Douglas Engelbart

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Douglas Engelbart

Douglas Carl Engelbart (January 30, 1925July 2, 2013) was an American engineer and inventor, and an early computer and Internet pioneer. He is best known for his work on founding the field of human–computer interaction, particularly while at his Augmentation Research Center Lab in SRI International, which resulted in creation of the computer mouse, and the development of hypertext, networked computers, and precursors to graphical user interfaces. These were demonstrated at The Mother of All Demos in 1968. Engelbart's law, the observation that the intrinsic rate of human performance is exponential, is named after him.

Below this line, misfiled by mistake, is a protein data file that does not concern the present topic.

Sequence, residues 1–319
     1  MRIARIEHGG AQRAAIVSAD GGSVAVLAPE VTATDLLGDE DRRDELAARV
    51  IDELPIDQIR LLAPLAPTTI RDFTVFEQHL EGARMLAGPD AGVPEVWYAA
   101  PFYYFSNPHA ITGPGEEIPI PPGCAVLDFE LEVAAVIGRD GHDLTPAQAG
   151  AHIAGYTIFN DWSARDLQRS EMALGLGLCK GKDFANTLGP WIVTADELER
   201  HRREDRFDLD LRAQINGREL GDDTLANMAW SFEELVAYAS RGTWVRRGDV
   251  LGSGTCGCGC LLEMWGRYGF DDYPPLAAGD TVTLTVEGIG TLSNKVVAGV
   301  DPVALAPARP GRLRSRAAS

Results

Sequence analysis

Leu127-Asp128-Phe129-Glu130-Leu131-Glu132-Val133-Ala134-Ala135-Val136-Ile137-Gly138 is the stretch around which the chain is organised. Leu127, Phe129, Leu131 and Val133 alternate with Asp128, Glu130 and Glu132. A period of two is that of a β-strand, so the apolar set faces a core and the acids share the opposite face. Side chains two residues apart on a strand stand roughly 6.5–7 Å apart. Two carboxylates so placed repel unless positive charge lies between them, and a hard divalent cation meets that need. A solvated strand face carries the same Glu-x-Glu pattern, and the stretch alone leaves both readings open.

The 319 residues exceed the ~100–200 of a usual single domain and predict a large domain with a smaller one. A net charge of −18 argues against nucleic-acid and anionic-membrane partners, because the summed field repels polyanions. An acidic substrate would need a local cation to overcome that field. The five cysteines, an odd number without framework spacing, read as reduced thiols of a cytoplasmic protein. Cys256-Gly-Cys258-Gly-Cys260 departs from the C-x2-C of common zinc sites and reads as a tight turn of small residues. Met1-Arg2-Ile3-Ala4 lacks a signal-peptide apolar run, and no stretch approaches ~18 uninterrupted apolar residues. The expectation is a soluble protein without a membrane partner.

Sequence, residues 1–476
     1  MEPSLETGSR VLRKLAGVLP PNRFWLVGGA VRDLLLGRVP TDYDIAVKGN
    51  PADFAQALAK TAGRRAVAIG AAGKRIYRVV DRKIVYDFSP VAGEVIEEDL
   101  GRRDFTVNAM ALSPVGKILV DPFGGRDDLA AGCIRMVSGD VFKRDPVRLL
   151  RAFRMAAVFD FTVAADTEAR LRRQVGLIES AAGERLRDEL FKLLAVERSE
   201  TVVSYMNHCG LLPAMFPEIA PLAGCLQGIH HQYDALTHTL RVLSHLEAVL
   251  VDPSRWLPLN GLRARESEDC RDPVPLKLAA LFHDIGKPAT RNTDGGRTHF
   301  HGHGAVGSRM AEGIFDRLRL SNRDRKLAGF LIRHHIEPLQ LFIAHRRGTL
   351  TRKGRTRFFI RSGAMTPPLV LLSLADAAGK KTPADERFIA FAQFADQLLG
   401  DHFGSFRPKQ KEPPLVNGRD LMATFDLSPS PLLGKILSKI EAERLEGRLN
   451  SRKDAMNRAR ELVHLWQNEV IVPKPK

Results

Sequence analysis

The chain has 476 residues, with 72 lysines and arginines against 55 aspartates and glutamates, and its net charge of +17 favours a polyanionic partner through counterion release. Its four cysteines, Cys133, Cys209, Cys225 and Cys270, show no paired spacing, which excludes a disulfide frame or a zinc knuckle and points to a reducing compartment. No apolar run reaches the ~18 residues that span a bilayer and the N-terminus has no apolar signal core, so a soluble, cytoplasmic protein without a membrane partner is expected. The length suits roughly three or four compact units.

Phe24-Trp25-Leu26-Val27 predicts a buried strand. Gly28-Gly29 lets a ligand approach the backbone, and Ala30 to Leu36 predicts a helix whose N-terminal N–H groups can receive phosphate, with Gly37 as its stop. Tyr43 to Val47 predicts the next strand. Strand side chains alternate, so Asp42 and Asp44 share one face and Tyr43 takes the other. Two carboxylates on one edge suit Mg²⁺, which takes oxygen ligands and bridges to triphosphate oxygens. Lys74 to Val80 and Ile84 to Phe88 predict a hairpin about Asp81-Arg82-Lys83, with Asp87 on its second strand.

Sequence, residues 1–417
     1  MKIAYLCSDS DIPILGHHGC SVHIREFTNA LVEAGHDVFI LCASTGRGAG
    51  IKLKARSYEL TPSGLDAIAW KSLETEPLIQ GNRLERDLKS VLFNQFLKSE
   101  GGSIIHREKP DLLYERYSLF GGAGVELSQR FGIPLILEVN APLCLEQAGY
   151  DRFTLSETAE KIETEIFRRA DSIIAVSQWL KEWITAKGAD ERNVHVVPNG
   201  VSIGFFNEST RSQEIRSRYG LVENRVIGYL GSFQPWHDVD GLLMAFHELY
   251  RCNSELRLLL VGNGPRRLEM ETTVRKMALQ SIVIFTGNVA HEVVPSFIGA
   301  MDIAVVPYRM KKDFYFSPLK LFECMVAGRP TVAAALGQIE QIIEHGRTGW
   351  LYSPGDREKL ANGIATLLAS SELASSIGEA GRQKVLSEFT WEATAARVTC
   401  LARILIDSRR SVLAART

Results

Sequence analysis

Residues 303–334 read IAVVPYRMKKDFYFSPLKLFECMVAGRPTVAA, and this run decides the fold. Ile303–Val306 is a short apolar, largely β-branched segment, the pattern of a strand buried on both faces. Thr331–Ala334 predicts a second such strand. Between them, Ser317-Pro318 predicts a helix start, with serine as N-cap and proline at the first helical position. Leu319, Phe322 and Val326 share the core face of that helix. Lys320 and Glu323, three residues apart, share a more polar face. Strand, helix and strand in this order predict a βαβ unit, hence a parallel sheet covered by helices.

Quotes[edit]

  • The key thing about all the world's big problems is that they have to be dealt with collectively. If we don't get collectively smarter, we're doomed.
    • Intelligence in the Internet Age, New York Times, 9/19/05 [1]

External links[edit]

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